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The Physicians Committee



Contact Your U.S. Representative

There are three main ways to reach your Member of Congress:

    1. Send an e-mail or paper letter.
    2. Make a phone call.
    3. Schedule an in-person meeting.

How do I find my Representative's contact information?
Look up your U.S. House Representative's phone numbers here or your U.S. Senators' numbers here and call the office between 9 a.m. and 5:30 p.m. A staff member will answer. Politely and clearly express your opinion and the staffer will note down your message.

What is the best way to make contact?
Calls and meetings are most effective, but an influx of e-mail messages on an issue can make a significant impact. Be sure to include your postal address, especially on e-mails, so it is clear that you are a constituent. You may receive a written reply from your Representative's or Senator's office explaining his or her position on the issue you inquired about.

What topics should I discuss?
You may contact your Representative or Senator about general issues, but you will have an even greater influence if your request relates to a specific piece of legislation currently being considered in Congress.

How effective are form letters?
Electronic form letters allow a large number of people to quickly and conveniently express their opinion to their Members of Congress. However, personalized messages are taken more seriously than form letters. Most electronic form letters allow you to make adjustments of your own. Always try to include a personal statement about why this issue is important to you.

How much should I prepare?
You don't need to be an expert on an issue before you contact your Member of Congress.  If you call or schedule a meeting, you will speak to an office staff member who will convey your message to the Representative or Senator. Don't worry if you can't answer all of his or her questions; just make sure to explain politely why this issue is important to you.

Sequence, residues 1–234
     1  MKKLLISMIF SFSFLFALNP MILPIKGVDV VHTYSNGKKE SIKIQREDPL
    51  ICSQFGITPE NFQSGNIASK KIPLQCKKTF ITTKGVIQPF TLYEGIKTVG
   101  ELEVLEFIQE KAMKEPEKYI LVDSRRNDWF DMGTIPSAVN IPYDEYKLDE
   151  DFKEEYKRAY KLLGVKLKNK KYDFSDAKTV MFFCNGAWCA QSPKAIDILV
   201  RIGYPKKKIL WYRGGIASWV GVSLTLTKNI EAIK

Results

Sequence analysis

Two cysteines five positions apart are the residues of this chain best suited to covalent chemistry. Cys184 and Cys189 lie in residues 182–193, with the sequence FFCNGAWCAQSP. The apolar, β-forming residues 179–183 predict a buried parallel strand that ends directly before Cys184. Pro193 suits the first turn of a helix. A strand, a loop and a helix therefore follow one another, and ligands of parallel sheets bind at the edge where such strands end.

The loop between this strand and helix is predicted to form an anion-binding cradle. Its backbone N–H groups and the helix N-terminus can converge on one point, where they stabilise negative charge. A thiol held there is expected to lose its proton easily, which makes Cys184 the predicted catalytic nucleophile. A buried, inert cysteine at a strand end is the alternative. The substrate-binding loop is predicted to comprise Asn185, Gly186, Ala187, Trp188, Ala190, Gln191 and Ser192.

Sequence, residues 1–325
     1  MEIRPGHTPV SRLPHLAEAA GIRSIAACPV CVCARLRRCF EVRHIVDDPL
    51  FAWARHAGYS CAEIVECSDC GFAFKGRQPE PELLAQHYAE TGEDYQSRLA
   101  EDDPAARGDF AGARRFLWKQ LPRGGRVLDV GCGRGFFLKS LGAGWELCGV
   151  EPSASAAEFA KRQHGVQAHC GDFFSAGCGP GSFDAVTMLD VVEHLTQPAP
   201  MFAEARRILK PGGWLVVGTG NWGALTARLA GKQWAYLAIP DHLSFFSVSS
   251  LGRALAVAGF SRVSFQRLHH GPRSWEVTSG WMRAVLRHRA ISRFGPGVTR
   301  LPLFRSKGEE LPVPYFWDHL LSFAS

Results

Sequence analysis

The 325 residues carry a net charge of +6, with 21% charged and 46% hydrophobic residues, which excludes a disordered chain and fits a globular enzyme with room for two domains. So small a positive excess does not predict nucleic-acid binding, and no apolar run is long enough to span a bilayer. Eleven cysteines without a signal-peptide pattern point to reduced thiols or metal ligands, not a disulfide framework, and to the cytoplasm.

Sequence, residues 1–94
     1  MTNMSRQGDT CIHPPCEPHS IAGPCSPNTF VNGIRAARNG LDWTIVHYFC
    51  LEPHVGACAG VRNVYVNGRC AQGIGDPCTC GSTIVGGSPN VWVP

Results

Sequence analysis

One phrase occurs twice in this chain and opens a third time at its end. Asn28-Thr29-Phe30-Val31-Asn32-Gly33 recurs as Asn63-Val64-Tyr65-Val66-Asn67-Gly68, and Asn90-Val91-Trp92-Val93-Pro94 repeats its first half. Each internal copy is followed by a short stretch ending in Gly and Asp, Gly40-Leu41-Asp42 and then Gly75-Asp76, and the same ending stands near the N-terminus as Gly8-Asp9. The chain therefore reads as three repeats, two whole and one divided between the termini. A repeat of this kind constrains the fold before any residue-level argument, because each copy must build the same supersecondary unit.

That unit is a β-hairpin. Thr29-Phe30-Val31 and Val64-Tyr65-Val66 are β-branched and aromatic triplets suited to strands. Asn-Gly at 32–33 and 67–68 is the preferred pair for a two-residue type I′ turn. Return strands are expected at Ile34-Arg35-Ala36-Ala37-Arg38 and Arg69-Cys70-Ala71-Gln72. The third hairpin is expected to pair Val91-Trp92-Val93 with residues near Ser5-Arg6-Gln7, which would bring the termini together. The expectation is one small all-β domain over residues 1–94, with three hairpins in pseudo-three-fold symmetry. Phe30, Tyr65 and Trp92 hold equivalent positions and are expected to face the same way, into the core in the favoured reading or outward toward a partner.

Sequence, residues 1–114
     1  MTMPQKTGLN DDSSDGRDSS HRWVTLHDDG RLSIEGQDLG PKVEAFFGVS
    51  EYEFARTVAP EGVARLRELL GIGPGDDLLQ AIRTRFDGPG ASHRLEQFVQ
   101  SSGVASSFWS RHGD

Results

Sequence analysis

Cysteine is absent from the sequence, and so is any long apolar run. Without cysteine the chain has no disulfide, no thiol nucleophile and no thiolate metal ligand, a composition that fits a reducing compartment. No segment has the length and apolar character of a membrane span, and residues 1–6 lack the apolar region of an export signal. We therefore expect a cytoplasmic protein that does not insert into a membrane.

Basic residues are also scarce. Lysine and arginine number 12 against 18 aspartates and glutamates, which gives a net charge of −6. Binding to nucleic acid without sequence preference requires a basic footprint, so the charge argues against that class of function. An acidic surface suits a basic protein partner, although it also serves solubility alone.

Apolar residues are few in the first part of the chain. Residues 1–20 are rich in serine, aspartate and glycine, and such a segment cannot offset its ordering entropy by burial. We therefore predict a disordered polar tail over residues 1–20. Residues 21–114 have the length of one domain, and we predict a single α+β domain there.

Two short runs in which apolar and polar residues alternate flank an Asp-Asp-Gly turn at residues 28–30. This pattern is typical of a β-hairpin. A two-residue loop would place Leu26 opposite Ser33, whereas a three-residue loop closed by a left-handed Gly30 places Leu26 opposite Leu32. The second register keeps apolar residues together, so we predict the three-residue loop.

The issues and campaigns featured on this site all have factsheets and talking points which you may print out and either send to your Representative or give to his or her staff member during a meeting.

Should I contact my Senator or my Representative?
You may contact both, but you will have a greater impact if you contact a member about legislation that will be or has already been introduced into his or her chamber. That is, if a bill is under active consideration in the House, you'll want to call your Representative.

How do I schedule a visit?
Call the Member of Congress' office (look up your U.S. House Representative's phone numbers here or your U.S. Senators' numbers here) and tell the staff person that you would like to schedule a meeting. Indicate approximately how many people will join you. You don't have to come to Washington to meet with your Representative! House members have one or more offices in their home district, and U.S. Senators have offices around their state, usually in the capital city.  One of these offices is likely close to your home.  Most often, constituents meet with an office staff member, not the Member of Congress. The staff member then passes along your message.

What is a co-sponsor?
A co-sponsor is a Member of Congress who has signed on to officially support a piece of legislation before a vote. Co-sponsors are important because they encourage other legislators to join in support.

To see if your Member of Congress is a co-sponsor of a particular piece of legislation, check GovTrack.us's legislative page and search for the name of the bill. If your Member of Congress is already a co-sponsor, call to thank him or her and ask him or her to continue to push the bill through the legislative process. If your Representative is not a co-sponsor of legislation that you support, you can ask him or her to sign on to support the bill.



 

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The Physicians Committee
5100 Wisconsin Ave., N.W., Ste.400, Washington DC, 20016
Phone: 202-686-2210     Email: pcrm@pcrm.org